Creasie Finney Hairston
Professor, Jane Addams College of Social Work
- Many incarcerated parents maintain some form of contact with their children and most parents plan to reside with them upon their release from prison.
- There is no solid evidence that parental incarceration predicts later-life incarceration among prisoners’ children. In fact, this assertion may increase the stigma that children with incarcerated parents experience, as they become mis identified as potential criminals and treated as threats to society.
- The majority of children of incarcerated parents do not exhibit delinquency or antisocial behavior, but they do need extra help to succeed in school.
- All risk factors – including poverty, parental substance abuse and family violence – must be recognized and accounted for in research, programs and policies.
- Research, resources, programs and policies need improvements in order to accurately assess the effects of parent imprisonment on children.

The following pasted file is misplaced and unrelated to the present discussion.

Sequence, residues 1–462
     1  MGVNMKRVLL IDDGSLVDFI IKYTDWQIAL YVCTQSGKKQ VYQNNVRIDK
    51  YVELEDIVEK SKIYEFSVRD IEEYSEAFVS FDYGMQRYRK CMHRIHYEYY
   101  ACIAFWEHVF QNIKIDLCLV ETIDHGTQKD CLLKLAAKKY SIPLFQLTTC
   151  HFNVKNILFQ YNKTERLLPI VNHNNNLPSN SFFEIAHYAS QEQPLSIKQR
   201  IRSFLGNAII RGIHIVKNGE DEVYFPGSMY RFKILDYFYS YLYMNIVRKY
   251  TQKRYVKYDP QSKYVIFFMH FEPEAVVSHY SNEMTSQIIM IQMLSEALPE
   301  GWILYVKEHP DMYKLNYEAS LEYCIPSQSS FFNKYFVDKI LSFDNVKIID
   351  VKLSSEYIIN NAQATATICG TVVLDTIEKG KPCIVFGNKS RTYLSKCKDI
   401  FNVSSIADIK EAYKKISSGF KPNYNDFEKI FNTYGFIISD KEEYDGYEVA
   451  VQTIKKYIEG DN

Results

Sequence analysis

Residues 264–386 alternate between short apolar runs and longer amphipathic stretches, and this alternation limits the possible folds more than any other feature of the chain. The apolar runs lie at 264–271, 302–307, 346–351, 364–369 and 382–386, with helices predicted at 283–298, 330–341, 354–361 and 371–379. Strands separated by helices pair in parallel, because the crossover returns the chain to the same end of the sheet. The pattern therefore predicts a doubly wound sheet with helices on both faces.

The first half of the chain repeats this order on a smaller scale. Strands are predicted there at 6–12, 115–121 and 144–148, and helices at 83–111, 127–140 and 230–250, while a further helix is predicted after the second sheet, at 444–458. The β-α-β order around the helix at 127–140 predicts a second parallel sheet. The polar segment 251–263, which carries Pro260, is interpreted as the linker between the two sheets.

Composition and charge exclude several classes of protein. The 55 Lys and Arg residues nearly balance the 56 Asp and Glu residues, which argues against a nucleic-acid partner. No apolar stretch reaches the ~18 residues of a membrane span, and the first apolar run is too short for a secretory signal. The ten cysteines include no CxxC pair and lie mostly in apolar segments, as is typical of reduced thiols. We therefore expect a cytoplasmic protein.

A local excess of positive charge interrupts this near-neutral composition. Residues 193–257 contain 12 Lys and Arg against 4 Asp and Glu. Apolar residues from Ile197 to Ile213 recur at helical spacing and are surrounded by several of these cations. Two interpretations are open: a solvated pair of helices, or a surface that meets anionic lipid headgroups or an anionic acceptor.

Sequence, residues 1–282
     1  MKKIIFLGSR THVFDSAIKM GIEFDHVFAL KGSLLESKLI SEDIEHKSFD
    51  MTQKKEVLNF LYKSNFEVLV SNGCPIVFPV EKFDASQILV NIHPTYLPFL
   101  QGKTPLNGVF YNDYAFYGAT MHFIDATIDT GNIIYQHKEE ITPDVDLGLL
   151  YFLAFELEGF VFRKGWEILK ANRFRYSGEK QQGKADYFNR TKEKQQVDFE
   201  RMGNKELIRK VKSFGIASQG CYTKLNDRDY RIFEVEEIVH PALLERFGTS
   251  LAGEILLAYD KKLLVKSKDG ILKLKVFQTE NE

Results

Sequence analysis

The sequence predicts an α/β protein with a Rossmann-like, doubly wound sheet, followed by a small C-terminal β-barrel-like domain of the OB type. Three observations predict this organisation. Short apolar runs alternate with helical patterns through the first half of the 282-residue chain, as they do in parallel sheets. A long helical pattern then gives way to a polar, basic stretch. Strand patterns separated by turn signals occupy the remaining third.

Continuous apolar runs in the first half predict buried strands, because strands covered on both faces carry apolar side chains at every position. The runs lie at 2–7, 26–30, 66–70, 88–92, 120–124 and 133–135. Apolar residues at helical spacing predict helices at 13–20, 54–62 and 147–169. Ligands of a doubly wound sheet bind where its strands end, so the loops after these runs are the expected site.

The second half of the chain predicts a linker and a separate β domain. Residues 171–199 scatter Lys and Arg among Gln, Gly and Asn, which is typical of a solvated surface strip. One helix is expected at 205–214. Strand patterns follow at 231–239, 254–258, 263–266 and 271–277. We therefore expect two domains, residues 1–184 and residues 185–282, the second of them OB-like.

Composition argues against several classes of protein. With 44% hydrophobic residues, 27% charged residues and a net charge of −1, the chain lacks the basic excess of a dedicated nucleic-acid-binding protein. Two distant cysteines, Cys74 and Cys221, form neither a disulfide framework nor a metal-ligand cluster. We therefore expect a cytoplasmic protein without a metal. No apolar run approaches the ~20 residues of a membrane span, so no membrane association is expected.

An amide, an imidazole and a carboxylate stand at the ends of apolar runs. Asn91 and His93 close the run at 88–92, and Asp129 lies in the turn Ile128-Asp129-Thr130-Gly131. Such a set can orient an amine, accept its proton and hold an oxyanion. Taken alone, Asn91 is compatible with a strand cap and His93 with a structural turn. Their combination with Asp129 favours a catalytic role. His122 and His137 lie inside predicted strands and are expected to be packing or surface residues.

In the article, “Focus on Children with Incarcerated Parents,” Hairston provides an overview of major research findings during the last 20 years concerning children whose parents are incarcerated. Hairston assesses parent-child contact during incarceration, explains the economic, emotional and social consequences of parental incarceration and examines the parent child relationship when incarcerated parents return home. Additionally, Hairston offers an overview of programs and services currently available to incarcerated parents and their families and suggestions of how to improve upon the current offerings. Hairston concludes that research on children with incarcerated parents is still in its early stages and more comprehensive, broader research is needed to inform understanding, policy and programs to better understand the effects of parental incarceration on children.